The process of carcinogenesis is considered as a result of the degeneration of a cell from the normal to a malignant state through a finite number of intermediate stages. The deterioration of a normal cell leads to the proliferation of transformed cells whose descendants generate a tumor. A normal cell may generate a tumor after it has gone through two mutations. How many driver mutations are needed for human breast cancer which are necessary for tumor diagnosis and therapy? Wood et al. [31] obtained an important result that less than 15 (< 15) driver mutations were likely to be responsible for genomic landscapes of human breast and colorectal cancers. The earliest two-stage model with clonal expansion of intermediate cells were developed by Moolgavkar et al. in age-specific incidence rates of breast and colorectal cancers [32,33,34]. Zhang and Simon in 2005 [35] extended the two-stage model to six-stage model with clonal expansion of intermediate cells in each compartment. The two to six stage models with clonal expansion of intermediate cells fit the age-specific incidence rates of breast cancer very well. Zhang et al. [36] in 2014 used the statistical inference (Chi-square test) to test both the two to six stage models with clonal expansion of intermediate cells and the selection between mutation and clonal expansion of intermediate cells. By using the method of statistical inference, Li et al. [37] obtained the maximum number of driver mutations for the breast tumorigenesis of females in United States of America.

The data pattern for the age-specific incidence rates of breast cancer in the USA [38] is different from that in the Middle East countries. In this work, our main objective is to investigate the main differences in the mutation mechanism of breast cancer of women among four member countries (Egypt, Jordan, Cyprus and Israel) of the Middle East Cancer Consortium (MECC) and compare them with the results obtained by Li et al. [37] for the United States of America (USA). In section 2, we briefly describe the data resources. In section 3, we present the mathematical model. Section 4 shows the inference method. Section 5 provides the simulation results. Finally, section 6 describes brief discussion of the results.

The data used in this work are the age-specific incidence rates of breast cancer for female patients in four member countries of the Middle East Cancer Consortium (MECC), i.e., Egypt, Jordan, Cyprus and Israel (Arabs and Jews) [1]. The source of Egypt data is the National Cancer Registry Program (NCRP) during the period 2008–2011 [39]. The Jordan Cancer Registry covers the population from 1996–2001 [1]. The Cyprus National Cancer Registry reports the cyprus data from 1998 to 2001 [1]. Israel data for Arabs and Jews are extracted from the Israel National Cancer Registry from the year 1996 to the year 2001 [1]. The collection of data by the MECC registries is guided by the Manual of Standards for Cancer Registration [40]. For our analysis, we used the incidence of breast cancer rates by age at diagnosis, date of birth and sex. Incidence rates are expressed as cases per 100,000 females.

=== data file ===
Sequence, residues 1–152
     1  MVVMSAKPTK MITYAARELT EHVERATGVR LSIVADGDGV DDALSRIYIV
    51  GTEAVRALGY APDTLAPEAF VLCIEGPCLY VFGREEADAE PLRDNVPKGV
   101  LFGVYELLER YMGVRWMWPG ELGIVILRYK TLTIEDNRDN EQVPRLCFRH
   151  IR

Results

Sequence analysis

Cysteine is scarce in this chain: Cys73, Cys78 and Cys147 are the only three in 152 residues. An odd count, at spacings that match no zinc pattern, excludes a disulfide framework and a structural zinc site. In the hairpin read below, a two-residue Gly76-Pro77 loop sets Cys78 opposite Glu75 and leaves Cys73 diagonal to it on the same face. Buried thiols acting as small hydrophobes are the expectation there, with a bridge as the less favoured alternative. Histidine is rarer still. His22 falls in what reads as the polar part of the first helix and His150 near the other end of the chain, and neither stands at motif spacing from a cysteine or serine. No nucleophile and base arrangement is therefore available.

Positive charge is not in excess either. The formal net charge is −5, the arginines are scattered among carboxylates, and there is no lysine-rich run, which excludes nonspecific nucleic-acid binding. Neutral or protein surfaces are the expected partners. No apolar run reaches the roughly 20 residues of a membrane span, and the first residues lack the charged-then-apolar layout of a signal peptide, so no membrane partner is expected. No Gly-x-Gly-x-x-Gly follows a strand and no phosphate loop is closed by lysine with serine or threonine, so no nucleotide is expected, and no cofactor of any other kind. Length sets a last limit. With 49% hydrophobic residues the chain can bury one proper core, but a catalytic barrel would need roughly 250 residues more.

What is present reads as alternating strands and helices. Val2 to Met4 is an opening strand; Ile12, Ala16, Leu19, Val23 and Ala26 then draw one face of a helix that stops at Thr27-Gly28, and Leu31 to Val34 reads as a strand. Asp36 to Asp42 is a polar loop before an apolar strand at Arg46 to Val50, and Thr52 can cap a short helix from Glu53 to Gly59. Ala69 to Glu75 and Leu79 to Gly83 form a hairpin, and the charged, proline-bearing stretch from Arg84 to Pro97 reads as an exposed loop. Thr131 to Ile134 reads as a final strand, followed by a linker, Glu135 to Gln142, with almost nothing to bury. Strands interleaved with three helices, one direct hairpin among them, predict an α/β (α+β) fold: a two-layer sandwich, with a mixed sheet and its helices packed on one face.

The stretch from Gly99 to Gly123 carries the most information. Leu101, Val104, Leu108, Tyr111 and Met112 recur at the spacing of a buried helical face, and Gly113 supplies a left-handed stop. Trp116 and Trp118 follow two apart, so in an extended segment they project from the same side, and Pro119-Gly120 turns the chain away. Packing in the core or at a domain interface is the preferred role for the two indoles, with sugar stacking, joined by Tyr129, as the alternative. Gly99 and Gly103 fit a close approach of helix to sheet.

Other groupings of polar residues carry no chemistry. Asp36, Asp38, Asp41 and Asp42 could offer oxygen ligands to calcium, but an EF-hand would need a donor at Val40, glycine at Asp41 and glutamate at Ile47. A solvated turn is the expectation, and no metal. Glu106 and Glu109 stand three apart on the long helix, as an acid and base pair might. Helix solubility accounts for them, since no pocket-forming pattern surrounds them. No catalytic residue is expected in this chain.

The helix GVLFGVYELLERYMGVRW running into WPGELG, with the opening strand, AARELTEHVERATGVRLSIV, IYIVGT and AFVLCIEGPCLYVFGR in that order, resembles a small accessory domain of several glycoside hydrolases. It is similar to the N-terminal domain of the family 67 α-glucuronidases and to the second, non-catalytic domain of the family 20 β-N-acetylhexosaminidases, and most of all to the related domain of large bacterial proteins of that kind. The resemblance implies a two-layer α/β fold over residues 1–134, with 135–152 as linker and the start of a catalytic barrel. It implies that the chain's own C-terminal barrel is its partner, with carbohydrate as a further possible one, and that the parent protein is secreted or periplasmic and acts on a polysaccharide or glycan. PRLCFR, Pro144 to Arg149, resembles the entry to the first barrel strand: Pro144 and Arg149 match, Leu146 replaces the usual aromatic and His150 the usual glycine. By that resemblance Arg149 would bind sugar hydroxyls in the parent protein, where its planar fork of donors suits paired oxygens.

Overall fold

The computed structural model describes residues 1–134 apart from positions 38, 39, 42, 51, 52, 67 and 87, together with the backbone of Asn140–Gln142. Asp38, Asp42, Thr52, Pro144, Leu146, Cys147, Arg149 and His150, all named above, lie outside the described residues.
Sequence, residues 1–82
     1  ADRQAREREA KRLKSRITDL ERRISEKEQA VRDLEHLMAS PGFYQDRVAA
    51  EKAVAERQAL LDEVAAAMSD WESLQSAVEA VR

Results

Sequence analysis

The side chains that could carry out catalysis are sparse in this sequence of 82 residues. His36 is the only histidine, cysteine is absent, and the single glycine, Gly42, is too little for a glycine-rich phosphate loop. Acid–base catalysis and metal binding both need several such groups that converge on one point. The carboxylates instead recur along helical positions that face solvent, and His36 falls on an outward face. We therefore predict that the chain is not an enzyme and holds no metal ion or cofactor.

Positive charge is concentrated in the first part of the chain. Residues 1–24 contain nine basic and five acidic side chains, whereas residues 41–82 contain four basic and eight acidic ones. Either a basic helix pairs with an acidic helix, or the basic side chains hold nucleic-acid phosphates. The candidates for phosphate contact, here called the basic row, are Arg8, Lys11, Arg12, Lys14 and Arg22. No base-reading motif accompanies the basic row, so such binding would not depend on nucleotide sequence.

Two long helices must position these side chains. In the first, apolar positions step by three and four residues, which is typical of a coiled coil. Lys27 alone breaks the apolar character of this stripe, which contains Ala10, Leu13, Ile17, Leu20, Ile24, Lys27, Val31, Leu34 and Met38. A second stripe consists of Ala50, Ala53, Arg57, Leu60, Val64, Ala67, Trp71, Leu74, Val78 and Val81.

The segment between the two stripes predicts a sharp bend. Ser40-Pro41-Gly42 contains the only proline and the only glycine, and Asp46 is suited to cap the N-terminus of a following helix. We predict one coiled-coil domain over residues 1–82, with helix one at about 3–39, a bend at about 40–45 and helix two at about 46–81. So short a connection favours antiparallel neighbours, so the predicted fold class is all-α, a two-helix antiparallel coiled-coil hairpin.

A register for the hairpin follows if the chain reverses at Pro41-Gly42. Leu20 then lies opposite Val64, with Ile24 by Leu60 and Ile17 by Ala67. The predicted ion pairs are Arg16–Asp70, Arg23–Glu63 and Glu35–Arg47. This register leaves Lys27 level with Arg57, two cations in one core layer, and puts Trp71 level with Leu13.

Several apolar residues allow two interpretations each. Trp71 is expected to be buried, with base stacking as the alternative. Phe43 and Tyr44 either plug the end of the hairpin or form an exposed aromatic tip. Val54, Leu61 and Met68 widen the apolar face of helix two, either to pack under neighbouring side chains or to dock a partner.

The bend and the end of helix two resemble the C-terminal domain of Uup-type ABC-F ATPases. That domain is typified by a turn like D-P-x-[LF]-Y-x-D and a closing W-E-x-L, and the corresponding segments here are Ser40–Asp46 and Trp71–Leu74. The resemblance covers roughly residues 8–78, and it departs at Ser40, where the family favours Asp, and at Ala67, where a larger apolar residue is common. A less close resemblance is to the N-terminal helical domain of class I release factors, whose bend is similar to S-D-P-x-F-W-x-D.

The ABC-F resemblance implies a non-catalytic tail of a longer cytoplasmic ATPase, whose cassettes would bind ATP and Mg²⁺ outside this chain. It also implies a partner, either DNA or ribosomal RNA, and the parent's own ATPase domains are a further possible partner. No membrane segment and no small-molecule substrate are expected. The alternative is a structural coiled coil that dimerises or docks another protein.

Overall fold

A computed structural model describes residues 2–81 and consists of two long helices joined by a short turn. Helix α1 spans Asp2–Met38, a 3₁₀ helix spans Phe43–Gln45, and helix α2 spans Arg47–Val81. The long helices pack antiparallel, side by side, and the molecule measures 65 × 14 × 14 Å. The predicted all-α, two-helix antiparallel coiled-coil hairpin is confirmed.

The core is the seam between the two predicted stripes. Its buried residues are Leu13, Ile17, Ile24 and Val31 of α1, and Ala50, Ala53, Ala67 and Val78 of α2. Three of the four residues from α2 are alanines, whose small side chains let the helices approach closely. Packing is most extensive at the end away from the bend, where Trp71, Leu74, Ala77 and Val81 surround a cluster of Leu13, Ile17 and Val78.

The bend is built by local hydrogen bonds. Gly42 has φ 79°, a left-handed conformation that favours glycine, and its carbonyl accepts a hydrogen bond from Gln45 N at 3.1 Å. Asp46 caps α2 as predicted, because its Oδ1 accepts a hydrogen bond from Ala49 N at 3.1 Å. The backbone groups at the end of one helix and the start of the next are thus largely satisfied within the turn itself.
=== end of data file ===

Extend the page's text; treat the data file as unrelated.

Figure 1 shows the age-specific incidence rates of female breast cancer in Egypt, Jordan, Cyprus, Israel (Arabs and Jews) and the USA. Most women diagnosed with breast cancer are over 45. Female breast cancer is rare under the age of 25. In the Middle East countries, the lowest age-specific rate is from age groups of 0–4 and 20–24, then increases gradually till it reaches the highest rate and then decreases. Whereas, in the USA, incidence rate increases gradually till it reaches the highest rate without decrease. The majority of female breast cancer cases were diagnosed in the USA and Israel (Jews). The data pattern for the age-specific incidence of female breast cancer is not similar in Middle East countries, and it is different from that in the USA. The peak of the incidence rate is at the age group of 60–64 especially for Egypt, Jordan and Israel (Arabs) and 70–74 for Cyprus, and Israel (Jews). However, the peak of the incidence rates is at the age group of 75–79 for the USA data.

The oncology processes should be a sequence of genetic events according to the findings of Hanahan et al. [30]. Figure 2 shows the schematic representation of multi-stage model with clonal expansion in each compartment of intermediate cells. We supposed that the growth of normal stem cells can be denoted by a logistic curve from age 0 to age 20. Our assumptions are according to ref. [35, 36]. There are ten cells in each breast tissue at birth or at age 0 and 10^{7} cells at the age of 20. There are 10^{6} stem cells during age 80. Since 10^{7} × ^{−0.0667(80−45)} = 10^{6}, in this work, it is assumed that the number of stem cells decreases after age 45 at a rate −0.0667 per cell per year because of the expression levels of hormone and menopause.